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man.' (N. B.) You then give your reason for this chimerical opinion, which I shall consider presently.
Here, you deny that the above named fathers assert the apostolic institution of prelacy, and elsewhere, you positively affirm that they do not. After this, were you alone concerned, I should think it as useless to dispute with you, as with a man who looks at the blazing sun, and says it does not shine.
If any man can read the numerous, express, positive proofs that I have given, that a Bishop in the third century was raised to the “top of the Priesthood” by a new ordination, his ordination to the Presbyterate being insufficient—that he held the supreme power of the keys, and was the governor of all orders in the Church ; and then will read the following testimonies given in my first volume, and yet assert that Cyprian and his contemporaries did not maintain the divine right of episcopacy, I must really think that he has a strange obliquity of thinking, and that he is proof against every degree of evidence from tes. timony.
Let it be remembered what sort of Bishop Cyprian is proved to have been, and then read as follows. At the opening of the council of Carthage he says, “Our Lord Jesus Christ, and he alone, has the power of setting Bishops over the Church, to govern it."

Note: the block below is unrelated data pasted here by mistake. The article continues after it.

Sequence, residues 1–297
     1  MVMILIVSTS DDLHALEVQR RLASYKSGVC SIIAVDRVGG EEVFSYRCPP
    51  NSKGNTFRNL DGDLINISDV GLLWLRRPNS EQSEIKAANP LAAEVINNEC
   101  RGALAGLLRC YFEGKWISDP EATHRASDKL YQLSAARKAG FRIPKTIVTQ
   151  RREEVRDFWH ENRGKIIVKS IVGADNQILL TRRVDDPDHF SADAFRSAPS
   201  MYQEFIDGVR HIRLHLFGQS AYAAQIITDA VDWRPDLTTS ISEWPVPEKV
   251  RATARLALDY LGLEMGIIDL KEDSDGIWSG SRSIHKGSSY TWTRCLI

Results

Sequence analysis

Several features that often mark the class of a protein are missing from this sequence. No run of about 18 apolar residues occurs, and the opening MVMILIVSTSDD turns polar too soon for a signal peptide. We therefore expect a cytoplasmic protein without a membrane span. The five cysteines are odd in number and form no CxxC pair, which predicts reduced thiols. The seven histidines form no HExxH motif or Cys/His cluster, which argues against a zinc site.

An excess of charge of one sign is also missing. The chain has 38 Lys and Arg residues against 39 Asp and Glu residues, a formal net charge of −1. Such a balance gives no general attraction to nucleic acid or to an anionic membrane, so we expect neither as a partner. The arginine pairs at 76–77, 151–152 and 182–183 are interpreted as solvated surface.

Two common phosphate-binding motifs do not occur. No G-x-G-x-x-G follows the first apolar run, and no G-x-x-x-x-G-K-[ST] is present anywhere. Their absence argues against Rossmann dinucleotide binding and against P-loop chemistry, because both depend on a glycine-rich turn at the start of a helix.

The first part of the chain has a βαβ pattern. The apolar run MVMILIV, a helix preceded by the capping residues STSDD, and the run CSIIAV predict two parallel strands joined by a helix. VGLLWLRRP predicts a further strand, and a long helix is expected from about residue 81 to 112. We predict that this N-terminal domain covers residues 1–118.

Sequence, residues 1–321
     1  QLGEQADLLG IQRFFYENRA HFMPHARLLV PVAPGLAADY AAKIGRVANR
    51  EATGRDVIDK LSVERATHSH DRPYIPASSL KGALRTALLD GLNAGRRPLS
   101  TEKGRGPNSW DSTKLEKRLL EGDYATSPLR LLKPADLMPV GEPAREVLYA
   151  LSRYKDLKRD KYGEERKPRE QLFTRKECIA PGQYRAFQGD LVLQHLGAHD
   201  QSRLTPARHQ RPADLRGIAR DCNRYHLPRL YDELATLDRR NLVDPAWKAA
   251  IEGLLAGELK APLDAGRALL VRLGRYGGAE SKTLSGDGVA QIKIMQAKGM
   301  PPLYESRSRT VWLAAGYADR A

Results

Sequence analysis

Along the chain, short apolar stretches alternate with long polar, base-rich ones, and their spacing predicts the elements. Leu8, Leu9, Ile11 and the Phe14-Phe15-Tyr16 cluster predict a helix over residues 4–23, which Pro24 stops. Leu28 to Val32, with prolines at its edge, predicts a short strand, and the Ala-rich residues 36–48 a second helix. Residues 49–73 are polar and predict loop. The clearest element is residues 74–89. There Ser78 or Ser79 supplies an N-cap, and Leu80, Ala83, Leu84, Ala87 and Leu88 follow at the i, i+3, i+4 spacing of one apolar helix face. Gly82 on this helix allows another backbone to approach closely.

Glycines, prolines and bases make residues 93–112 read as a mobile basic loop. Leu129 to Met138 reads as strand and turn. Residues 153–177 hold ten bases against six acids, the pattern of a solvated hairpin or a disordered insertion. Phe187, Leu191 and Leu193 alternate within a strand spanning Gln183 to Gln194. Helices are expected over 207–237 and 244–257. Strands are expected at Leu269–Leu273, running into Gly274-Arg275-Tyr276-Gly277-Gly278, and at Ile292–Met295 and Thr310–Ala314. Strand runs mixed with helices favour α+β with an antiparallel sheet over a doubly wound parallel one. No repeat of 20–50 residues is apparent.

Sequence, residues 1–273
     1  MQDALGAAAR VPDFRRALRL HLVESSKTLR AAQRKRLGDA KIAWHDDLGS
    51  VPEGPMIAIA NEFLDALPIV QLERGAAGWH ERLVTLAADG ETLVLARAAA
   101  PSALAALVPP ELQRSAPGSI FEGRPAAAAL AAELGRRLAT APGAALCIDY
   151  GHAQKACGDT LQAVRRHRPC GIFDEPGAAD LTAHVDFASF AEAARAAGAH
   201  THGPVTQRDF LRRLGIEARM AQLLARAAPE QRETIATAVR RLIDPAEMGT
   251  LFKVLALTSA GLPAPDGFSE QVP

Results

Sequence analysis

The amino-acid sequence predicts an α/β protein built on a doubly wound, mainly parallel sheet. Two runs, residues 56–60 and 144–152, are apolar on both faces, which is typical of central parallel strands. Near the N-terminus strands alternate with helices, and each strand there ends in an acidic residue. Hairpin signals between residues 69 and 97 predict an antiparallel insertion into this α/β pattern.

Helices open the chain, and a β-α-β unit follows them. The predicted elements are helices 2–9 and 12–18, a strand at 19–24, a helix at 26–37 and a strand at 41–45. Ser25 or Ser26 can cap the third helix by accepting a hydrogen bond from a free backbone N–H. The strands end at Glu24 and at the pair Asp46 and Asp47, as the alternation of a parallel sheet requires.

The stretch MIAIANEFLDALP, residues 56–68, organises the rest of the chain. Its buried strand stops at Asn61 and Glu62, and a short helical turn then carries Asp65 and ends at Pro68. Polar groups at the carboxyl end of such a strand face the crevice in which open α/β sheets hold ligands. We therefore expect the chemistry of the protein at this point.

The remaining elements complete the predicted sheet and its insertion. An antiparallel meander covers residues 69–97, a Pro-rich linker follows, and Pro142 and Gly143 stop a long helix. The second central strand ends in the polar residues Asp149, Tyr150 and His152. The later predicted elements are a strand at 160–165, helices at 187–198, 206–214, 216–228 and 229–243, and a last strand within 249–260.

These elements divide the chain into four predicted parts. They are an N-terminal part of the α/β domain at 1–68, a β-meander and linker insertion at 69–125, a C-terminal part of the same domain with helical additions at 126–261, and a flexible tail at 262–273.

He says to Cornelius, that, “If the courage of Bishops be shaken, and they shall yield to the temerity of wicked schismatics, there will then be an end of the episcopal authority, and the sublime and divine power of governing the Church." And in the same epistle, he says, that “ CHRIST constitutes, as well as protects Bishops.” In his epistle to Florentius Pupianus, he says that, “It is God who makes Bishops ;” and that “it is by the divine appointment a Bishop is set over the Church.”
I also proved, by a number of other testimonies, that it was the general belief of that age, that diocesan episcopacy is of divine origin.
Now, how do you free yourself from the embarrassment, in which these testimonies necessarily involve you? Not by showing that there are no such testimonies-not by showing that they do not imply what I have ascribed to them-not by evincing that congregational episcopacy was the government of the Church in that age, which would effectually render mugatory all that I have said ; not by any of these means, but by boldly declaring that you do not value the testimonies of the fathers, nor ought they to be valued by any reasonable man.
You put me in mind, Sir, of what Goldsmith used to say of Dr. Johnson. "If in reasoning, you pin him up in a corner, so that you would think he could not possibly make his escape, he is sure to jump over your head, and run off.” You have indeed got out of your straitened situation, but it is by running away from the question. You have got rid of a difficulty, but it is by